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October 30, 2012

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Great article Mike, you bring a lot of valuable references together that presents a cohesive argument about valuing people and interactions over process and tools. Thanks.

Mike

I've followed your blog with interest because we seem to be headed in similar directions. My interest is in why and how knowledge-work makes conventional management practices (whether to do with HR or PM or anything else) obsolete and what to do about this. These practices evolved for organizing factory workers on production-lines, where work is routine, repetitive, physical, and solitary. Knowledge-work, of course, is none of these. It is deeply creative, highly social, and complex and we do it largely by talking to one another.

A good deal of knowledge-work consists of people 'networking' and organizing while they work, deciding what to do, when, how.... So, I've come to think of agile methods as an archetype for all knowledge-work (I believe this is why people 'stumbled' into agile. High-control management didn't fit the work they were doing. They simply couldn't do good work.) I've written about this in my book (2011) 'Beyond Management: Taking Charge at Work', which you might find interesting.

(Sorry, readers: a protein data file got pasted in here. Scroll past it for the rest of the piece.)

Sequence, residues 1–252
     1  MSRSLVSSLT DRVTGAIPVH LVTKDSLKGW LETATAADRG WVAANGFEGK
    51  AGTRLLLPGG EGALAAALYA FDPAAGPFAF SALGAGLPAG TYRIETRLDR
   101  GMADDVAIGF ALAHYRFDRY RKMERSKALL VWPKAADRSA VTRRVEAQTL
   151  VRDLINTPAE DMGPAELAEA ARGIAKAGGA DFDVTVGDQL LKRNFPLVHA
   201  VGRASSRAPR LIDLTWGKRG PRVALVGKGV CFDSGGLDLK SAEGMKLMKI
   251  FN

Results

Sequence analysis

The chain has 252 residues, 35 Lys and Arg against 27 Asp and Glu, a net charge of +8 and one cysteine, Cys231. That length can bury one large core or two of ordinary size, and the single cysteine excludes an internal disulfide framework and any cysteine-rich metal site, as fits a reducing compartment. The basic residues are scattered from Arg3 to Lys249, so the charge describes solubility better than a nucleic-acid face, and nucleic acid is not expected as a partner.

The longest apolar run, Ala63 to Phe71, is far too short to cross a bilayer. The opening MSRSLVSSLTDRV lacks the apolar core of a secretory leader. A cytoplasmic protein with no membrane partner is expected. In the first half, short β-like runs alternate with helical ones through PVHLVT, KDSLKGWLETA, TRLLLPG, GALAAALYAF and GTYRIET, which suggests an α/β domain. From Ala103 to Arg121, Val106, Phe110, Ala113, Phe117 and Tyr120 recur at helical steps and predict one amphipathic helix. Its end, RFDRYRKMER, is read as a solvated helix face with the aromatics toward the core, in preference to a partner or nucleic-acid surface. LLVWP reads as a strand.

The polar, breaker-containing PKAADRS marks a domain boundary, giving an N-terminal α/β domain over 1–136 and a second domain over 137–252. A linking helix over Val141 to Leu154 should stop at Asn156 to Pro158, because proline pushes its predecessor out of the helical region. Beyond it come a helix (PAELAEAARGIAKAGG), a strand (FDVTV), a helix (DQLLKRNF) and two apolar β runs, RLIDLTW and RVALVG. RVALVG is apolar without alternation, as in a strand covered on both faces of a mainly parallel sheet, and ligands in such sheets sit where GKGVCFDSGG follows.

Hi Mark,

Yes, it seem like our views are very closely aligned. I will look out for your book.

Thanks for dropping by and leaving a comment.

Best regards
Mike

What a nice post!. Thanks a lot Mike :-) It really gives a fast overview about in my opinion really important topics how to help your team performing. 5 dysfunctions of a team - fantastic ... I tried various parts of it with my team and it was fun and really helped to build trust and at the end increase throughput - but at the same time having fun. Drive - another must read to understand why extrinsic motivation in my opinion has to be removed when knowledge working comes into play (for too long and we still have to suffer from these bonus and goal coupled systems ... your post is another step forward to help people collecting arguments).

5 of 5 stars

Sebastian

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